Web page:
me in all my blackity blackness (author)

I’m proud to be a black woman. I love who I am and I understand the rich history of how I came to be.

I’m ashamed to be a black woman. I understand the stereotypes and the implicit biases that follow me and my name wherever I go.

I’m not ashamed to be myself and I’m proud to be black but when you couple my blackness with my womanhood, I cringe. I know that once the two are discussed in conjunction with each other, I have suddenly become a little less human and a lot more invisible. A caricature, I am at once over-sexualized and also rendered hopelessly undesirable. To be a black woman is to be a paradox. Perhaps I could live with the stereotype if I was just superficial and played on my looks, but it digs deeper. As a black woman, I am ghetto, conniving, selfish, and angry. It’s amazing to belong to one of the most educated demographics in this country, yet still find myself constantly struggling to prove my intelligence and humanity. Recently, my husband was playing a video game online with his friends. As he played, I talked to my sister on the phone. We were having a discussion about my graduate school course work. What happened next is baffling. As my sister and I talk, I hear my husband say “That’s because she is black.” I don’t know why, but my heart rate immediately went up four or five beats. I felt myself getting tense. I asked him, defensively, “Are you talking about me?” My husband nodded and said, “Yeah, the guy I’m playing with said you sound black.”

So, listen. I’m educated, but I’m super humble. I recognize that in many ways, I have been afforded privileges that my peers in similar socioeconomic circumstances have not. I also know that I busted my ass through all my degree programs and always had to fight for a seat at ANY table I sat at. As a black woman, twice as hard was never enough. As a black woman who, empirically, is attractive, I have had to work 5 times harder to prove that a)I was not coasting on good looks b)I earned and deserved all my academic achievements. Maybe it’s because of the struggles I endured to achieve all that I have that I snapped. Maybe it’s because I know the negative connotations of what it means to have someone say “you sound black.” Maybe it’s because I have worked so hard in spaces and society to find a voice that suited me between black and white. I can’t really unpack in one sitting why I got so mad, but I was triggered. I went off. I got on a high horse and started talking about my degrees. I was offended. I felt disrespected. I was irate. My husband tried to play peacemaker but it was too late. The friend tried to apologize but it was too late. He wanted black and I was there to give it to him.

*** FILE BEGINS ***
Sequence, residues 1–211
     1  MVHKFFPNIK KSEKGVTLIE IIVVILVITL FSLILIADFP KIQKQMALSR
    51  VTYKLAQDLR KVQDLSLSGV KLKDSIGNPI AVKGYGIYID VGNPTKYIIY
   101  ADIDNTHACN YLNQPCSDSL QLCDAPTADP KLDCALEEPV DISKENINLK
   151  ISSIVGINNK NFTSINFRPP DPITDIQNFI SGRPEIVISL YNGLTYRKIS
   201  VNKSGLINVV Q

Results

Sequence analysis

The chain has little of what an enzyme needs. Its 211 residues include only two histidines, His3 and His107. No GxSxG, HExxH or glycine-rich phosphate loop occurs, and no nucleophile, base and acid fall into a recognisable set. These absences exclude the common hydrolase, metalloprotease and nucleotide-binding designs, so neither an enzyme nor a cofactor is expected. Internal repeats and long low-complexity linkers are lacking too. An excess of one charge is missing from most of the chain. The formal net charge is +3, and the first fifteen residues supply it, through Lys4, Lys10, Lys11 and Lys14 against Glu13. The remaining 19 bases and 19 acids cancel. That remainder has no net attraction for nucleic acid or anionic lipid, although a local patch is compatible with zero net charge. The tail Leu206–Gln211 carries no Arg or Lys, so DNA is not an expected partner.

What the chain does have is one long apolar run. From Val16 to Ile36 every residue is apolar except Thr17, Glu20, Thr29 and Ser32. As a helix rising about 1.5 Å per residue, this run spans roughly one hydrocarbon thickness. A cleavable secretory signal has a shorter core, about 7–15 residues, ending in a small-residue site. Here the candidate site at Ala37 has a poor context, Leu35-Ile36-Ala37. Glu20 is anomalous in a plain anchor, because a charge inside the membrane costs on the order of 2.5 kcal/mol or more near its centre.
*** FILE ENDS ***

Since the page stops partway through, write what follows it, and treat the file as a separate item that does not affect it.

The next day, I couldn’t shake this deep feeling of sadness I had. When I thought back to the night before, I began to question why it was so shameful to sound black. Sure, it could be those good ol’ respectability politics in place that made me shudder to think that I sounded how I look. It could be that sounding black has never meant anything good and I have so desperately wanted to be good enough. Smart enough. Beautiful enough. Deeper reflection proves that I cannot win. If I “talk white”, I betray my culture and myself and my conformity confirms that I am unworthy and my skin is less than. However, if I “talk black” I perpetuate and personify all that the world had told me I am. I just want to be me. I’m going to be a black woman. I embrace and love that. I have learned to love my naps and my nose and my lips. Can’t my voice be my own though?

There it is…the root of the issue. When black women get lumped together, we lose the identity that we work so hard to cultivate in a world that tells us we are nothing. When you tell me I sound black or white, you have decidedly taken away my voice and the individuality that comes with it. Maybe I can be ghetto and ratchet and educated and passionate and angry and tender and witty and funny and all of those things and just be me. I’m going to be black. I’m going to be a black woman. The world has already taken so much and promises to take more. Can I just keep my voice?

Both a keeper and a weeper. A writer, a wife, a mother, and a life long scholar. BA English Literature(2013), M.LIS(2018), current MSW student. She/Her/Hers

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